When Le’Veon Bell turned down an offer from the Pittsburgh Steelers rumored to be worth around $70 million with effective guarantees of $33 million over the first two years of a five-year deal, he did so under the belief that a much bigger pay day was out there waiting for him. However, if the initial contract projections from salary cap expert Jason Fitzgerald of OverTheCap.com are accurate, the Steelers’ star running back might struggle to find the huge deal he is looking for after all.
In a feature published by Pro Football Focus, Fitzgerald shared his thoughts about the sort of contract Bell could expect to find on the open market, coming up with a number which is barely an improvement on the one Pittsburgh offered in 2018.
“After sitting out all of 2018, veteran running back Le’Veon Bell will return to the NFL after resetting the market with his contract. He earned 71.0-plus overall grades in all five seasons he’s played in the NFL, including a career-high 89.7 mark in 2015.
“Bell comes with all kinds of red flags. He has had past injuries. He has had off the field suspensions. Nobody knows what kind of shape he is in. He has a lot of miles on his tires from his use in Pittsburgh. But he is dynamic and the best offensive talent that will be available this year. Given the amount of cap space a few teams have this year and how desperate those teams may be expecting someone to match his price but with a back-loaded contract to give the team some added protection.”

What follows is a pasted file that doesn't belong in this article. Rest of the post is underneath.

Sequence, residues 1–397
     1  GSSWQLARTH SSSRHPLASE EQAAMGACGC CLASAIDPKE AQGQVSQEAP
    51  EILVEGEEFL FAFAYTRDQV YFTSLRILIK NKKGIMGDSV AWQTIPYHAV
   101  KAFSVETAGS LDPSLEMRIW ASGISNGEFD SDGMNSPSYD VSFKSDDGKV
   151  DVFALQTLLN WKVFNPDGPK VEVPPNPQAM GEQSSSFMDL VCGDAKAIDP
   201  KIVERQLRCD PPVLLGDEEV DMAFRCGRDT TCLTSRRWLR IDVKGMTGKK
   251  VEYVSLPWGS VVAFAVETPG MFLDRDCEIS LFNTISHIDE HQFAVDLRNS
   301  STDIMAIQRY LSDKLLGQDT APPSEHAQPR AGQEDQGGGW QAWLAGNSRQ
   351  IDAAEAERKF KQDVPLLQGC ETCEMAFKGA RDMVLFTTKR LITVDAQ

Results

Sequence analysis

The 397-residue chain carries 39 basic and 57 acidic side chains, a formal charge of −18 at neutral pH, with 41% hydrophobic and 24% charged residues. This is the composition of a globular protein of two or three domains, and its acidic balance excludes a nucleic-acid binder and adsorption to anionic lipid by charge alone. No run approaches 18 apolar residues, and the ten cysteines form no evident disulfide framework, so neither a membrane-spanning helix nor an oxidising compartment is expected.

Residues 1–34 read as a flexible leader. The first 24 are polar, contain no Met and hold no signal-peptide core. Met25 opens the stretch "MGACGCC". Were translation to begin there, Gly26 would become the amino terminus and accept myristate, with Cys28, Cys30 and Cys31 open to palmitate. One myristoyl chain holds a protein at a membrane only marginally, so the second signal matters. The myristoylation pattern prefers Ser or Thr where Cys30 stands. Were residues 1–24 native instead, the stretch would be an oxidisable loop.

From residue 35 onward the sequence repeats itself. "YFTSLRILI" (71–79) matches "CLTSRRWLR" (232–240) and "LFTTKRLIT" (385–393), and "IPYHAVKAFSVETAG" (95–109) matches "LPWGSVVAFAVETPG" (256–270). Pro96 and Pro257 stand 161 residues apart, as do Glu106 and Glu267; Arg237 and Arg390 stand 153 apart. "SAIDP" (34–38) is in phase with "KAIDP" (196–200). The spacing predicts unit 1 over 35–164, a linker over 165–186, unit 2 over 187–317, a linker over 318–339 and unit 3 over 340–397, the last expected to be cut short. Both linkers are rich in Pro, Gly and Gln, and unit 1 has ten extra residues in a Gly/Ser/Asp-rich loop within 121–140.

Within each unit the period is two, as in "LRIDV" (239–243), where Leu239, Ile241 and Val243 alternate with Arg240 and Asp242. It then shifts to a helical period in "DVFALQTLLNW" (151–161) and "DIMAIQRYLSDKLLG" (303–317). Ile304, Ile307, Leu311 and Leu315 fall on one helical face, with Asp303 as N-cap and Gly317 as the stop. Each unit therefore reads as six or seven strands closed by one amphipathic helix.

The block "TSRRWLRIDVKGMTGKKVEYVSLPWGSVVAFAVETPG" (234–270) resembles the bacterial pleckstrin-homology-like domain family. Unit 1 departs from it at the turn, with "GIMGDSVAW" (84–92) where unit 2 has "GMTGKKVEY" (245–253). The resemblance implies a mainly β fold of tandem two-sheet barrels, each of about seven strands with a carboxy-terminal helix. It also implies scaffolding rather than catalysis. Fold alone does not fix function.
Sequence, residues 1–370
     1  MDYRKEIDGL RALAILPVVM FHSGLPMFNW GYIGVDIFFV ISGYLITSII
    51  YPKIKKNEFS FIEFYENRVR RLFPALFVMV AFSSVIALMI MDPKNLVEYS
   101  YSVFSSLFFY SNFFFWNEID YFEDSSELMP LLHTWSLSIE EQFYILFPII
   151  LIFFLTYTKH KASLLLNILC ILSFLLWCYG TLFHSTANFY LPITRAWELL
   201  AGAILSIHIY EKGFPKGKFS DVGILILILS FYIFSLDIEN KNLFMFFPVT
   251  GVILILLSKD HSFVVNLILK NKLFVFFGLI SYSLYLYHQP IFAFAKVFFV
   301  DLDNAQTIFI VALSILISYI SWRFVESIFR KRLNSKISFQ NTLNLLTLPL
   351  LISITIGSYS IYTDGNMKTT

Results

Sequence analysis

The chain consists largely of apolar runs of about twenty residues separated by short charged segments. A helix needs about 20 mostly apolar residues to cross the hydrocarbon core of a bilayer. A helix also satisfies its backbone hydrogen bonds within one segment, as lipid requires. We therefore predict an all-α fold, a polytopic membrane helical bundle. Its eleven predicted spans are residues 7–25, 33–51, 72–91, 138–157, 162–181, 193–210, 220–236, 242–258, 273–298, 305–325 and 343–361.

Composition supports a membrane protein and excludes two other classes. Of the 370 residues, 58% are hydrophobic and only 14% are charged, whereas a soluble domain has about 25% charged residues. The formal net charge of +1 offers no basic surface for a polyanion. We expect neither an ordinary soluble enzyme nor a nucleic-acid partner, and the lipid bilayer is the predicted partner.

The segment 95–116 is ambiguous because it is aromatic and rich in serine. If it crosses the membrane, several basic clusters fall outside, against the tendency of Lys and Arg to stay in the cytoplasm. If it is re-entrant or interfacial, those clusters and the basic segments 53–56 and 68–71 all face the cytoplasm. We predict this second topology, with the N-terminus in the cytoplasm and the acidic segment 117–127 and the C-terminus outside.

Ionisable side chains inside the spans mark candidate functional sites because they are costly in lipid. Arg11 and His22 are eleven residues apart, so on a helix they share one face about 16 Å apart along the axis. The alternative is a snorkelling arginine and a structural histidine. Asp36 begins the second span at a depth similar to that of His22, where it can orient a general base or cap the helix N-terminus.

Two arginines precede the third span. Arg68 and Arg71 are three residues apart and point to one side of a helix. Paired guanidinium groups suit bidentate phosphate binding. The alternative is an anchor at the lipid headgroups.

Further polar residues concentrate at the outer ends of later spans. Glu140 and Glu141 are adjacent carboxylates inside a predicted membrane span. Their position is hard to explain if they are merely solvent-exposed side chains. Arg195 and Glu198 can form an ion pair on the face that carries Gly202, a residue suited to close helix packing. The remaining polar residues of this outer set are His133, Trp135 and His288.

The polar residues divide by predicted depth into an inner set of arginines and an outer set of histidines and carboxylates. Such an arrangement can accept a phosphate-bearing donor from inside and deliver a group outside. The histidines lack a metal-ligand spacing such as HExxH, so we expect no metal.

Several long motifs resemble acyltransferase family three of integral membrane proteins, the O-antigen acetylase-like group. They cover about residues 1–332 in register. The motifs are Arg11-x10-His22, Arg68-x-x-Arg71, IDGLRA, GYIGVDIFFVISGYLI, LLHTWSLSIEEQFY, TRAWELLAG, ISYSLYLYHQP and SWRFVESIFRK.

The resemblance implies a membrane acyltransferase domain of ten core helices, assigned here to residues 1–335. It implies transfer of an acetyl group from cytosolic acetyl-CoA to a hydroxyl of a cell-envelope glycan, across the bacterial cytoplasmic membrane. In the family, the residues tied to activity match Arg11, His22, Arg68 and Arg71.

“Projection: Four years, $60 million, $33 million GTD”
Given that the four-year deal signed by Todd Gurley last year was worth $57.5 million and included $21.95 million fully guaranteed, there can be no dispute that such a deal would make Bell the highest paid player at his position in the league, but by barely enough to have warranted rejecting the Steelers last offer.
Sitting out an entire season just to earn an extra $1 million more a year makes little sense when you consider that Bell walked away from $14.544 million in 2018 under the terms of the franchise tag. Money he will have difficulty earning back in the long-term if $60 million over four years is the best he can do on the open market.
While many will point to the level of guarantees as the most important thing, no team in the league will be offering Bell a fully guaranteed contract over the length of the deal. The best he is likely to find being something similar to the rolling structure in Gurley’s new contract. However, with veteran players on multi-year deals historically seeing 83-percent of their total contracted value from Pittsburgh since 2002, as per Steelers salary cap specialist Ian Whetstone, the team was almost certain to honor most of the deal. As Whetstone notes, of the 397 contracts given out since 2002, 309 of those players have received 100-percent of the deal.
Thankfully, unless Pittsburgh decides to use the transition tag on him in the coming weeks, how much Bell gets paid will be a topic for another fan base to discuss soon enough.